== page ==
The Reality of Owning a Dog
No matter what, it's worth it in the end.
Last night was the first night in months that I slept through the night; but I would have given anything to hear that shrill little bark at 3 AM. Last night was the first night in months that I didn’t have to re-puppyproof my room before bed. But I would have gladly spent those extra 10 minutes to make sure you had everything you needed for the night.
Losing a pet is never easy, but damn, this one is hitting me hard. Maybe it’s because it’s so raw, or maybe it’s because Chance was so young. Maybe it’s because he was MY first dog, and I tried so hard to give him the best life possible. I knew he was on borrowed time, but I made the mistake of planning for the future anyways. I imagined what he would be like a year from now, three years from now, even 10 years from now, because I had convinced myself we were going to save him. I did a good thing by rescuing him, so surely that earned me years with him, right?
If only that’s how life worked. Unfortunately, I was only given four months with him, but those four months were so full of love for my sweet, stubborn little husky.
It’s things like this that make owning a dog so hard. Even though I only had a short amount of time with him, I loved him as if I had had him for 10+ years. I took him everywhere with me, literally going out of my way to find places that were dog friendly so Chance could tag along. He had his own little bed right in my passenger seat, and he even learned how to crawl into my lap so he could be close to mom all the time (yes, I let him to do this—not on the highway—because I knew my time with him was short). And then in the blink of an eye, I lost him. My travel buddy, my living stuffed animal, my alarm clock. Just like that, he was gone, and I felt the effects immediately. It doesn’t feel fair. It makes me want to never go through it again, but I know I can’t live my life without a dog.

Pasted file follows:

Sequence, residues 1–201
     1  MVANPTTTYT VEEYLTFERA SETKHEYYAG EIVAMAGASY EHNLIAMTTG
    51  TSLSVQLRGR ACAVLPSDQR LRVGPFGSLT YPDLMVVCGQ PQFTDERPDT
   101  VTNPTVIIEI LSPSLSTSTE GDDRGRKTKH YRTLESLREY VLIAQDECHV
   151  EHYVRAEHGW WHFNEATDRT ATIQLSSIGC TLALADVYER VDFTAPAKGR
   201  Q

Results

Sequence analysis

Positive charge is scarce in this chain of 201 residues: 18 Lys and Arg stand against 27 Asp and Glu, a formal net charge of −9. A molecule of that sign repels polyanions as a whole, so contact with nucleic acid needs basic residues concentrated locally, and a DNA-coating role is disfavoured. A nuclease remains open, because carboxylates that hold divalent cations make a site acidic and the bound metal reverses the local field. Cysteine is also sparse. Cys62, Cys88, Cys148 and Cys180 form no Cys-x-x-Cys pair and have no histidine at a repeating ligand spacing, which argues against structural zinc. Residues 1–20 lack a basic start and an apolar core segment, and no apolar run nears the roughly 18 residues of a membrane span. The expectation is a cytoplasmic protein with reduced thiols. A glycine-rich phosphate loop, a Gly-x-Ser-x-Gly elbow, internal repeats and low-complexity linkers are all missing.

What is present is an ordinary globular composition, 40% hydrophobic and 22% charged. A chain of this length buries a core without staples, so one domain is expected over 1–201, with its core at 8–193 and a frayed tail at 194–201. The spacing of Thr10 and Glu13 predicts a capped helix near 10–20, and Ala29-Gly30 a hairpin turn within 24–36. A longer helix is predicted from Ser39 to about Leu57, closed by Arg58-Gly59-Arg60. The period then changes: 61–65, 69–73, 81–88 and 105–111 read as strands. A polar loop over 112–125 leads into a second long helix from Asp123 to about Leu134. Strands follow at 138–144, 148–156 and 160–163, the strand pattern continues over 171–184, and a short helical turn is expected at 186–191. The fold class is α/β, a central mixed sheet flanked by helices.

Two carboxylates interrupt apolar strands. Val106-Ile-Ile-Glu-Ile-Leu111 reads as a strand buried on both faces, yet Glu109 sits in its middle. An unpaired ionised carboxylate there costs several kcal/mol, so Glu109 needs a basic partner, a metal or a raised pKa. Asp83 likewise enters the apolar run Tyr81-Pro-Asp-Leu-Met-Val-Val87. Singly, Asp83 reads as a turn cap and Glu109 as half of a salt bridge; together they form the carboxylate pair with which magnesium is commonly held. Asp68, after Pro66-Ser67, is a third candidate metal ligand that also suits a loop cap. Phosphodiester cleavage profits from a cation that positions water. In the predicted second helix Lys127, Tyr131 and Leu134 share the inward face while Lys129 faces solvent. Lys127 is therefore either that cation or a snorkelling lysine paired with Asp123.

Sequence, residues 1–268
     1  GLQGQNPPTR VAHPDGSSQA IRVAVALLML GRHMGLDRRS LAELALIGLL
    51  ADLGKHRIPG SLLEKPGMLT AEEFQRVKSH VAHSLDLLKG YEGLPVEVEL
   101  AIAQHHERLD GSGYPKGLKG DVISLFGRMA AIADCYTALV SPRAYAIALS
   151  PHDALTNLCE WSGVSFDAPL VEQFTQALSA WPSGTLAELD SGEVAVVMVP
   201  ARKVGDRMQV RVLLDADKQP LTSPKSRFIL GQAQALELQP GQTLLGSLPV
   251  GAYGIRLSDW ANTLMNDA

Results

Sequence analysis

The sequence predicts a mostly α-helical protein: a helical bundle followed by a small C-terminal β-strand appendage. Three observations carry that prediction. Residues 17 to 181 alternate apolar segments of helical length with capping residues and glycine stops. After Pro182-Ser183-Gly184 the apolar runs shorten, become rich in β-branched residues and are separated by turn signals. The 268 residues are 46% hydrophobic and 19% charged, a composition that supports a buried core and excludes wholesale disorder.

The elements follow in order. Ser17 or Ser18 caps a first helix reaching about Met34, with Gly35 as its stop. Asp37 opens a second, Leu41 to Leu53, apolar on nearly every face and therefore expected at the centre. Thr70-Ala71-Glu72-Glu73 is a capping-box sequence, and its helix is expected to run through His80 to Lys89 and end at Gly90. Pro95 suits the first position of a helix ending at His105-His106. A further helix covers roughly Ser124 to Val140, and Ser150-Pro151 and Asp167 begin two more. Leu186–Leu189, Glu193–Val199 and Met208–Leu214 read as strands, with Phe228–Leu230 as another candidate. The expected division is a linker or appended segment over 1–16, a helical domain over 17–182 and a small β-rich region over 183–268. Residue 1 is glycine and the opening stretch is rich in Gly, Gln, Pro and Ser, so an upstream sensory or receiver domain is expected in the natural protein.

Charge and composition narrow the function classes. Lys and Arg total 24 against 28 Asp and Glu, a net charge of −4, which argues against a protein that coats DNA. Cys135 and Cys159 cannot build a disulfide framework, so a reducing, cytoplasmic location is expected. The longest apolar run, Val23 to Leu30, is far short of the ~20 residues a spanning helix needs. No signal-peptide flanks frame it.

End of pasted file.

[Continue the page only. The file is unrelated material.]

In that way, dog people are crazy. Well, animal people are crazy, but coming someone who has had many types of animals, dog people are really crazy. When I first learned that Chance was sick, a month after adopting him, I had the unspoken option to euthanize him then. I knew his prognosis was incredibly poor then. As I’m reminded of often, most sane people would have euthanized him then, to spare themselves more time to get close to him only to lose him. But instead, I decided to try. Granted, I work at a vet office and have the access to everything he needed, but honestly, I don’t think that made Chance’s prognosis any better.
Thanks to me, my family, and all of my coworkers, Chance got to live a life, although short, full of love. All he knew was love, and that means I did my job. Sure, I’m left heartbroken, but I’ll always remember the love he showed me. He will forever be the standard I hold dogs to, and he will always be with me when I finally am ready to bring another dog into my life. He was a once in a lifetime dog, and he taught me so many lessons in a short period of time. He taught me so much about unconditional love, and he taught me that I am capable of taking care of something besides myself. He taught me how to put another living being before myself.
Thanks for coming into my life, Chance. From the moment I got you off the truck, I knew you were mine.
From the moment you were diagnosed with pythium, I knew it was my job to help keep you happy and comfortable for the remainder of your life.
And the moment I knew you were done fighting, I knew I had to be with you until the last moment, to make sure you knew love until the very end.
If I went back, knowing everything I know now, I would do it all over again. The lessons Chance taught me, and the love I got from him will stick with me forever. I love you so much, little dude. Go run free.